The Spin 

Fuck Britney Spears. Christina Aguilera, eat your heart out. Gwen Stefani, doubt this. When it comes to costume-changing, mic-rocking, ass-shaking divas, none of them holds a candle to Leslie Hall, at least as far as we’re concerned.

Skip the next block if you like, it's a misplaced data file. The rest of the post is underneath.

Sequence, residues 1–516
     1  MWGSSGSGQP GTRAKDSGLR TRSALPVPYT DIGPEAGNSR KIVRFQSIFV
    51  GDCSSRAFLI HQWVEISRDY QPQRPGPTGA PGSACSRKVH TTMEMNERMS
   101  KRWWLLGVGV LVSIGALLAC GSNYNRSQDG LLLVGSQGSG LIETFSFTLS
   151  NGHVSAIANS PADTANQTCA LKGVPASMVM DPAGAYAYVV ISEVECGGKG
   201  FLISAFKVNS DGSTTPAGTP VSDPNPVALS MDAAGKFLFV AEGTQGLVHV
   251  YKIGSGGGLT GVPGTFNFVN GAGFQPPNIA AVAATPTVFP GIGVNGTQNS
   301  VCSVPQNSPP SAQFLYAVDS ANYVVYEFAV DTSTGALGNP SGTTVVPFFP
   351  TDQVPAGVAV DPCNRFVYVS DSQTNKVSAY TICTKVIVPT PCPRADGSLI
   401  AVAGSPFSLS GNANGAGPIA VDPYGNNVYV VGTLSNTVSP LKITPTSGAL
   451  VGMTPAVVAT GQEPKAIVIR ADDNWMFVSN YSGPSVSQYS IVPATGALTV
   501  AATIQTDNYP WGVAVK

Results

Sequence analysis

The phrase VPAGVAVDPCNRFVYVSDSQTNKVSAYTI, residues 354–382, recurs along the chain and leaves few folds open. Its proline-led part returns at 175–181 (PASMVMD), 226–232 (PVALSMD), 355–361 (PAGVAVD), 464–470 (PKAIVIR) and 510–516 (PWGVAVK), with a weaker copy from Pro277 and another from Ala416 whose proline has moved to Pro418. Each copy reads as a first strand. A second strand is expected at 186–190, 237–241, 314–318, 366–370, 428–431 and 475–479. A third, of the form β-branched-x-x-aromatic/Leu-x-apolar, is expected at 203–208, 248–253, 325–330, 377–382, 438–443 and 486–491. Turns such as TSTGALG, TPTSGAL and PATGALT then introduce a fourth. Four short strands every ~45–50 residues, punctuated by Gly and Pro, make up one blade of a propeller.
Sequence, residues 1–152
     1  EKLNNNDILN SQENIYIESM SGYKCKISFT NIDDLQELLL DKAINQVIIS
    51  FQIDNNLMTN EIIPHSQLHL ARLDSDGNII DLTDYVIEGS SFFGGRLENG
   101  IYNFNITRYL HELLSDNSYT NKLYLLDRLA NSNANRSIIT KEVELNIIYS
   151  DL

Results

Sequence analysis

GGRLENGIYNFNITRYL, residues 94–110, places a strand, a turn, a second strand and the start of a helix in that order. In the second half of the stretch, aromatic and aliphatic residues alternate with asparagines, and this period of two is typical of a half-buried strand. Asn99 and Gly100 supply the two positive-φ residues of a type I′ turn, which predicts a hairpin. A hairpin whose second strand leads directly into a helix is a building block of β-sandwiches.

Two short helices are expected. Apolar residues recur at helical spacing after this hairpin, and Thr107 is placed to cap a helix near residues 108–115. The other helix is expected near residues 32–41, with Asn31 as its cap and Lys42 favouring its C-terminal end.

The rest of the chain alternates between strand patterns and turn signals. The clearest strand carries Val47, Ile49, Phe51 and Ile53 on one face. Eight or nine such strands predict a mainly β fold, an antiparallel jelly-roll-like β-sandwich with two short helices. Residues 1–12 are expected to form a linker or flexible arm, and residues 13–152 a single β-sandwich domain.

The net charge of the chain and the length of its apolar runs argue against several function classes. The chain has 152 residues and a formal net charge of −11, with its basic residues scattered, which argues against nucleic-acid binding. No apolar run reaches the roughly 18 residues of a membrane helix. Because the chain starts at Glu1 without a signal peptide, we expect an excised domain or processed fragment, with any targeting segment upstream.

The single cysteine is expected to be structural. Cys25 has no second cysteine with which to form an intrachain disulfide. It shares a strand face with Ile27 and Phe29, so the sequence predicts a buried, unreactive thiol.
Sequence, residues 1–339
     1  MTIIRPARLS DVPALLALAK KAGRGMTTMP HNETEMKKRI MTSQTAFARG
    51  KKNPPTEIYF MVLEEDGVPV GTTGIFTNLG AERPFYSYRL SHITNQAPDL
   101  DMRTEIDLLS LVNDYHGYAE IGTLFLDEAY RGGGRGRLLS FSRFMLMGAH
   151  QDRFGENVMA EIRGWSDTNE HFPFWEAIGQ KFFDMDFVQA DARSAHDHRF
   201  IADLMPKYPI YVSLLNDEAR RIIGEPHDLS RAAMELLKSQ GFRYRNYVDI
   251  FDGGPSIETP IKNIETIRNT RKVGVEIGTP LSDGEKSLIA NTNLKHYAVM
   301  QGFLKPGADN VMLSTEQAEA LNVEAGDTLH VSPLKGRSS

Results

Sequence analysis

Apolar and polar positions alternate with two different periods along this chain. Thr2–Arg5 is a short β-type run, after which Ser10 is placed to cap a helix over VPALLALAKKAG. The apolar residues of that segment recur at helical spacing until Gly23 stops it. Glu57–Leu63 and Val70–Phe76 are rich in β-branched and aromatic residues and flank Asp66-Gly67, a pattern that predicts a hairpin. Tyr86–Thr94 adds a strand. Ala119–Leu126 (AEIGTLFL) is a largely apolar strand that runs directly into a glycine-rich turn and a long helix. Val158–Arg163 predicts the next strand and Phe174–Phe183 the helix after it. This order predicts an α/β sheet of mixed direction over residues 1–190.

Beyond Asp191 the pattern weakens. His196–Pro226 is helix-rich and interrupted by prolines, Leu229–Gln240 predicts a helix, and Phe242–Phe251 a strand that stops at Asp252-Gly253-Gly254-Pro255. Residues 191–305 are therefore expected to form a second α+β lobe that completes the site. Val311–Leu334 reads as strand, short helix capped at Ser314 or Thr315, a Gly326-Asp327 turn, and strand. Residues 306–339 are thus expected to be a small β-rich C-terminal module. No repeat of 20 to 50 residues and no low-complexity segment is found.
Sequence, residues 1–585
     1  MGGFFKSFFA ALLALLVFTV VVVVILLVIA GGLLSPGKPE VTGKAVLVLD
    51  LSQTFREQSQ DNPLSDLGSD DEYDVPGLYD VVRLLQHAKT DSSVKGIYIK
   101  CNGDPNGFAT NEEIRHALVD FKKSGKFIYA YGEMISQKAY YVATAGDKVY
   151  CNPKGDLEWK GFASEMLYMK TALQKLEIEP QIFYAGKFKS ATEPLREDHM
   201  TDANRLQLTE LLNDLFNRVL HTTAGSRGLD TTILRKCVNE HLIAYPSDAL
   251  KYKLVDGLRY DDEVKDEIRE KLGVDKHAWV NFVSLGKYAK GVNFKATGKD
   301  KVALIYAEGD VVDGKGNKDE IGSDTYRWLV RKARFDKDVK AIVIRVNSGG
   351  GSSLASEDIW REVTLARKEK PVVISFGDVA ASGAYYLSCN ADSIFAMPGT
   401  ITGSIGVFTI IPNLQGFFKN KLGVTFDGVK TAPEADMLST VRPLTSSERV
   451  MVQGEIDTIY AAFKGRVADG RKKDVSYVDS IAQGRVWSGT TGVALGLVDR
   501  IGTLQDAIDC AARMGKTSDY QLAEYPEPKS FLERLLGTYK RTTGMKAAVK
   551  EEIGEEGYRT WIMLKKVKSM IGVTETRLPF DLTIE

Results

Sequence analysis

A real gem Fuck Britney Spears. Christina Aguilera, eat your heart out. Gwen Stefani, doubt this. When it comes to costume-changing, mic-rocking, ass-shaking divas, none of them holds a candle to Leslie Hall, at least as far as we’re concerned. The bedazzled leader of Leslie & the Ly’s slayed the packed house at The Basement Saturday night, capping one of the more outrageous Nashville evenings in recent memory. Kicking things off was The Mattoid, who got his Finnish freak on early with a stripped-down set that tapped the ABBA catalog, praised Satan and provided the anthemic yet pithy chorus, “We’re the cocksuckers, baby. We want to suck your cocks.” Next up, queer co-ed hip-hop duo Robo Sapien stormed the stage, recalling the old-school grooves and good-time vibe of the Beastie Boys. Invigorating as they were, we could have done with a couple less songs. Then Leslie & Co. took the stage and, after a brief technical glitch, weaved, bobbed and frolicked through a set of gut-busting hip-hop hilarity that had eyes transfixed, jaws dropped and cameras flashing. “I love Music City!” Leslie exclaimed, adding, “Too bad I’m going to destroy it with my crushing beats.” Backed by a video screen that featured everything from Tommy Smothers hawking yo-yos to breast-milk-pumping instructional videos, she captivated the masses, combining considerable wit with hysterical moves that had people looking at each other in disbelief. One disturbingly excited woman who had driven up from Alabama stood on the side stage for most the show, singing the lyrics along with the band and looking like she’d just touched the hem of Jesus’ garment. But after seeing Leslie for ourselves, we can understand this sort of devotion. Sure it’s shtick—but a brilliant shtick that didn’t get old. Overheard by The Spin’s women’s-room correspondent: “Where’s your gem sweater? For Leslie you’ve got to bring the bling” and “We’ll have to drink more before we go to Waffle House.” From the Buzz Bin Files When How I Became the Bomb finally came on at the Basement Friday, it was about 45 minutes later than they’d promised, likely a shrewd ploy to let the crowd’s excitement heat up. Aspiring ’Boro bands should take note, since you usually have to bring twice the heat to compete with your Nashville counterparts. The show, which also featured D. Striker (a.k.a. Jeff Meltesen) and the new Ghostfinger side project Snakerider, was a release party for RR, a zine published by Meltesen every Friday the 13th since 1998. HIBTB play fun electro-pop songs about war and secret identities. The set ran through material heavy on robotic beats, hypnotic synths and fist-raising declarations of manhood, all from charismatic singer Jon Burr, who wasn’t afraid to wear tapered, flag-themed pants or what appeared to be a Members Only jacket. Their music was exhilarating, not only for its vitality, but for its carefree abandon. It’s damn refreshing to see a band around here that doesn’t take itself so seriously—think Devo without the subversive undertones. Backed by members of Carter Administration and Ole Mossy Face, D. Striker played an energetic set of rootsy country heavy on satire. Upping the parody level considerably were Snakerider, who deafened the crowd with a heaping scoop of unadulterated rock ridiculousness. The band worked the campy metal thing hard, imploring the crowd to “ride the snake.” And if anyone tries to tell you that lead singer Richie Kirkpatrick didn’t look sexy in his midriff-revealing, baby-blue kids’ pajamas with footballs and flames on them, they’re either blind or lying. Birdland The Carey Ott/Sleeping in the Aviary double-bill at The Basement last Thursday wasn’t exactly a match made in heaven—the former’s MOR sound and the latter’s frenzied, offbeat rock blended about as well as Hershey’s chocolate and pickled herring. Ott, who recently moved from Chicago to Nashville to record his debut for Dualtone, drew a sizable crowd, and his songs were engaging and well-constructed, though a little safe. Just as we were thinking we could see The OC’s Ryan and Marisa necking to one of his tunes, Ott announced that he’s having a song featured on ABC’s Grey’s Anatomy (melodramatic doctors as opposed to hormonal socialites). After Ott’s set, much of the room cleared out, and the folks who left before Sleeping in the Aviary took the stage should kick themselves—hard. Raw, punky and a little nerdy, the young Madison, Wis., band played hard and fast, sweating and even panting a little bit. Their songs were surprisingly catchy, and they threw in some odd covers like Lesley Gore’s “It’s My Party,” which worked perfectly as a punk tune (because what is punk if not badass whining). Our one complaint would be their tendency toward brevity; some of their songs clock in at well under two minutes, like the infectious 45 seconds of grungy guitar with singer Elliott Kozel repeating over and over, “Maureen doesn’t like me anymore.” Before we knew it, the tune was over and we were left wondering, “who is this Maureen anyway and why doesn’t she like you anymore?” Shows this week • Barely into her 20s, former Nashvillian Lennon Murphy has already been run through the music-biz machine: at the age of 15, she first earned attention for her piano-powered ballads in the key of Tori Amos, then released a grinding techno-metal record on Arista Records, before working her way out of her major-label contract. Since then, she’s continued writing, recording and touring relentlessly, and of late she’s shed some of her metal-queen pretensions. For the last couple years, she’s been working on her album Damaged Goods, set to come out this May on John Galt Entertainment, the label she formed with her manager, Jeff Pringle. When she plays 12th & Porter this coming Wednesday, Jan. 25, she’ll be previewing material from the record, which strikes a more contemplative note compared to earlier songs like “Property of Goatfucker.” She’ll share the bill—and a two-month tour—with Shannon Curfman, another singer-songwriter wunderkind who’s been at it since her teens. • Sure, Fugitive Glue may include some of Nashville’s finest studio rats and road dogs—their combined résumé includes stints with Buddy Miller, Steve Earle, Over the Rhine, yadda yadda—but their 2005 disc Mateo is far more cohesive, entertaining and rocking than your typical “supergroup” vanity project. Featuring Eliot Houser, Rick Plant, Michael “World Wide” Webb and Craig Wright, the FuGlu boys bring their biting satire and bitchin’ hooks to Douglas Corner on Saturday. • Lynn Manderson releases her latest CD, Blue in the Sun, at the Americana Tonight showcase, Wednesday, Jan. 25, at Douglas Corner. Bass player Byron House, who’s worked with the Dixie Chicks, Sam Bush, Emmylou Harris and Dolly Parton to name a few, produced the record, which ranges from boot-scootin’ honky-tonk to gospel soul. Send news, gossip, horn charts and guitar tabs to